Wednesday, 8 March 2017

Adrian Finn - Progress


I am a third year Architecture student at AUB, and have been given the opportunity to promote the Museum of Design in Plastics. My project with MoDiP seeks to explore and revive the connection between plastic products and their source – the fossil. As a student of Architecture, I like to produce work that is more conceptual – something that gives the viewer a narrative or idea, and hopefully evokes emotion or thought. I want to juxtapose the ‘synthetic’ portrayal of plastics today against the aesthetics and properties of fossils.

My initial thought was to produce something quite straightforward that aggressively combines fossils and plastics – by making a fossil appear like a contemporary plastic object. After all, we are used to seeing fossils in their rock form, but less commonly do we see (for example) the ammonite that once inhabited the fossilised shell:

 

Large Ammonite Fossil

Artist’s Impression of an Ammonite
 To respond to this, I decided to use Photoshop to edit the artist’s drawing to give it the character of a generic plastic product, by smoothing out the lines and making it a bright pink. Without context or scenery however, the image is quite ineffective. This lead to working out how this plastic ammonite would actually exist as a product. Some of the ideas were:
  • A standard plastic ornament/model of an ammonite
  • An inflatable plastic product such as a balloon or a swimming pool toy
  • A 3D printed plastic model
  • A plastic squeezable plastic toy
  • A small collectible, or pocket-sized model, similar to the old ‘Crazybones’ toys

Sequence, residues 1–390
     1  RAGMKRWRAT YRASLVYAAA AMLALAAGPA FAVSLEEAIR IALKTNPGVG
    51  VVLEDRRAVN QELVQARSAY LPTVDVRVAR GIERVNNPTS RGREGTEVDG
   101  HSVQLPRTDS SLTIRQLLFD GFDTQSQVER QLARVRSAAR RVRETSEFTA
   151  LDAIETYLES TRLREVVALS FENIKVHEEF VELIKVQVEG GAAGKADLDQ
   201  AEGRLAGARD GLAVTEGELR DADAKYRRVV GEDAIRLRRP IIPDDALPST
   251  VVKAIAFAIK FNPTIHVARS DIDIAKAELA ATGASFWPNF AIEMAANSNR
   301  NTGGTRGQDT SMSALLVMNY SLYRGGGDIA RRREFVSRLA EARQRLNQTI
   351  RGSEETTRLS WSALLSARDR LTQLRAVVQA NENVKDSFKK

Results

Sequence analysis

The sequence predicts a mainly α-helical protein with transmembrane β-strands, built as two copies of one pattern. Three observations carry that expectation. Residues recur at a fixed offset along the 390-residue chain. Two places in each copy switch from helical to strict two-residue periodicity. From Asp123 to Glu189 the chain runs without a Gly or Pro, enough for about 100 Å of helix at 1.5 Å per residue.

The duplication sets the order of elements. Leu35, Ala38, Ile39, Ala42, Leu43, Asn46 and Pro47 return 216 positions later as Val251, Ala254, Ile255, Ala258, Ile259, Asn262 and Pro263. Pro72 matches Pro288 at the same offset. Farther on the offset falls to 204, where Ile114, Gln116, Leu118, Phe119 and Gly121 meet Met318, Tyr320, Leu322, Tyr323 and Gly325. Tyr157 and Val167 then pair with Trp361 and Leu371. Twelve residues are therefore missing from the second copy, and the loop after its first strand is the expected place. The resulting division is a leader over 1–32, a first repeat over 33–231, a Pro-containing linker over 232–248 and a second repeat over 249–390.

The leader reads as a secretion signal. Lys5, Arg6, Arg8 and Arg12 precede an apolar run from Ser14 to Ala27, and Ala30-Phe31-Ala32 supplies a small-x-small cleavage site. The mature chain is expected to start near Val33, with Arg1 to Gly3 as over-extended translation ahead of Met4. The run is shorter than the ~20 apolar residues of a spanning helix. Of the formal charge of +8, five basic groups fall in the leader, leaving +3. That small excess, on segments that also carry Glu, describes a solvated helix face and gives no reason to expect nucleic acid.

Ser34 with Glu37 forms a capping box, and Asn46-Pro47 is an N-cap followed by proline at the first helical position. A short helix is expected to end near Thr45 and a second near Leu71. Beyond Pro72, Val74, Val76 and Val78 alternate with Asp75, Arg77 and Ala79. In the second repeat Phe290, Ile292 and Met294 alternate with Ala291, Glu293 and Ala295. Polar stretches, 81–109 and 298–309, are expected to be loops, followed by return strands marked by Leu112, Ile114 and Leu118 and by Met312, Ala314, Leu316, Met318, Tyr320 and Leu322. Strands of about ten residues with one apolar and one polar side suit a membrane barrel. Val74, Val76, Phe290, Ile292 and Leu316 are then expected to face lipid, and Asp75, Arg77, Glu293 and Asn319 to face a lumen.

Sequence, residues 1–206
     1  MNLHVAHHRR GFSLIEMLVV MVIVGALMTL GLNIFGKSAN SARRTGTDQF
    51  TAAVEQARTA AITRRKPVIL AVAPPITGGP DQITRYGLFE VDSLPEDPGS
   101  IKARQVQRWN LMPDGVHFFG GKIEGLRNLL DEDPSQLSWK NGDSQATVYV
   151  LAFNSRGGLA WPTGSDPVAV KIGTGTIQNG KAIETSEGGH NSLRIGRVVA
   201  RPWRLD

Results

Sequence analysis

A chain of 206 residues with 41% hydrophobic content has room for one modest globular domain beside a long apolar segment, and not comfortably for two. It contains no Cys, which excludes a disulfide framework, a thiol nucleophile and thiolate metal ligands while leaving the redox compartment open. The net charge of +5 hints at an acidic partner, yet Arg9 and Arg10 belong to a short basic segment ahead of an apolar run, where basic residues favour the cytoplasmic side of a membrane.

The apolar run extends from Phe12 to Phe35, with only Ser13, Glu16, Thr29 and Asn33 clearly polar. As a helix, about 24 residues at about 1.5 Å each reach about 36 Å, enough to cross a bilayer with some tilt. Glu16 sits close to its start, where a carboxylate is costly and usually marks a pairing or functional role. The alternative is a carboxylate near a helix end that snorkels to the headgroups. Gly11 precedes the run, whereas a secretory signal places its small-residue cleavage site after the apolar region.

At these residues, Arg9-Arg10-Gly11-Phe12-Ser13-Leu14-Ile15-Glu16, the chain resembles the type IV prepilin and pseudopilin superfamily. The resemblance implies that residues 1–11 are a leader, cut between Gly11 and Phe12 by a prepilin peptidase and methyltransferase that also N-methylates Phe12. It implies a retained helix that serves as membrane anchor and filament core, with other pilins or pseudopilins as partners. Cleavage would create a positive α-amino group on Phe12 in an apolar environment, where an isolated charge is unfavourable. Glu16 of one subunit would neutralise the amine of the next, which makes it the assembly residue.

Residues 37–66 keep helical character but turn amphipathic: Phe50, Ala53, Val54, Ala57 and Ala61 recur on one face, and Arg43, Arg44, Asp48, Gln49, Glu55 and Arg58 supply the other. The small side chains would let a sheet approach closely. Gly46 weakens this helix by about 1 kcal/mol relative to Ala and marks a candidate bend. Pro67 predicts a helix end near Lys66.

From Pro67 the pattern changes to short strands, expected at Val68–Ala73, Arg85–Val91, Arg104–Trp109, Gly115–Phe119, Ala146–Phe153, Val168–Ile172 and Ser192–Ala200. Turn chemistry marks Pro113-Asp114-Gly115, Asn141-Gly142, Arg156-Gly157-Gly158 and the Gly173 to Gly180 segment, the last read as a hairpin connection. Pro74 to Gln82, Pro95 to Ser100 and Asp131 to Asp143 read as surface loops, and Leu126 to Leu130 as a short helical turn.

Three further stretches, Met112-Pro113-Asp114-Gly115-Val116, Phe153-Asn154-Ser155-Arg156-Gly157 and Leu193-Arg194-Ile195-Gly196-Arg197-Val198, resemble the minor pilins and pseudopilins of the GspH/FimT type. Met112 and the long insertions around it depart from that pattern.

One of these was rendered in Photoshop as a collage, producing a very… interesting image: 
 







Pink Plastic Ammonite


Pink Balloon Ammonite
I also tried simulating a reversed version of the original idea – a modern day plastic object with the appearance of a fossil. The initial idea is much more engaging in my opinion, but thinking about both ideas has been helpful:





 
Watering can fossil on a beach


By complete chance, I discovered an exhibition by a local artist called Rachel Fooks, a ceramicist. Her work generally involves creating clay sculptures of invented fossil species that resemble real species. Her works are placed along the local coastline, giving them context and realism. I made a quick Photoshop experiment that played with the materiality of the sculpture, and through this considered a standalone sculptural plastic model for a final piece of the project.





Ammonoidea Unda Rachel Fooks

Ammonoidea Magnus Pink Plastic
 
Through this, I have decided to produce a 3D printed plastic model of an ammonite for the final piece of the project.

3D printed products are chiefly made of plastic today:


“There are many materials that are being explored for 3D Printing, however you will find that the two dominant plastics are ABS and PLA. Both ABS and PLA are known as thermoplastics; that is they become soft and moldable when heated and return to a solid when cooled.” (ProtoParadigm)


I felt that a 3D print of an ammonite would juxtapose the fossil and plastics very well. 3D printing, being one of the most recent developments in plastic technology, would be representing an incredibly old creature.

Also, another piece will be planned to be painted in acrylic paint. Acrylic paint is an acrylic polymer emulsion – a synthetic paint. This choice of media will represent another interesting way in which plastic influences art, in a product we don’t generally associate with plastic.







PrimaValue PLA Filament - 1.75mm - 1 kg
Daler Rowney Acrylic Paint Set

Though to produce the final piece, I will have to learn how to use 3d modelling programs, and how to 3D print!


Adrian Finn (Student Creative)

Adrian is a 3rd year BA (hons) Architecture student at the Arts University Bournemouth

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